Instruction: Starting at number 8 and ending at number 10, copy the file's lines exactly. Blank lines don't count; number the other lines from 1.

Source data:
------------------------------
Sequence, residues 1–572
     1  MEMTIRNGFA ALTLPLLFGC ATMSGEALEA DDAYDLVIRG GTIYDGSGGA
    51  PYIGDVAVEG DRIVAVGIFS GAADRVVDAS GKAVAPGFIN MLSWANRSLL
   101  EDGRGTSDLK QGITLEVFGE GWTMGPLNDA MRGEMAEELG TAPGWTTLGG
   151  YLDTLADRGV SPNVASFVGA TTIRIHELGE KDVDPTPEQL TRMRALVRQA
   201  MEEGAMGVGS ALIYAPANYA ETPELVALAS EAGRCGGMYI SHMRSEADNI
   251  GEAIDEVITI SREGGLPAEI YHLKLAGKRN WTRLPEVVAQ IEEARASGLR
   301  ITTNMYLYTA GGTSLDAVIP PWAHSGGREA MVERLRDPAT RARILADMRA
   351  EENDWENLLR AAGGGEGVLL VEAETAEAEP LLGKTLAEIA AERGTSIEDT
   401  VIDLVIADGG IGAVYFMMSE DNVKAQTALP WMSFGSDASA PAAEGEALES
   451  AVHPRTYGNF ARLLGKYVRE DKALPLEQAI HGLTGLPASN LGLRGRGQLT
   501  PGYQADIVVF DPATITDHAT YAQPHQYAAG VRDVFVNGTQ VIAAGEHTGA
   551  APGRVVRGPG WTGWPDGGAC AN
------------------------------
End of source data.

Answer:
   301  ITTNMYLYTA GGTSLDAVIP PWAHSGGREA MVERLRDPAT RARILADMRA
   351  EENDWENLLR AAGGGEGVLL VEAETAEAEP LLGKTLAEIA AERGTSIEDT
   401  VIDLVIADGG IGAVYFMMSE DNVKAQTALP WMSFGSDASA PAAEGEALES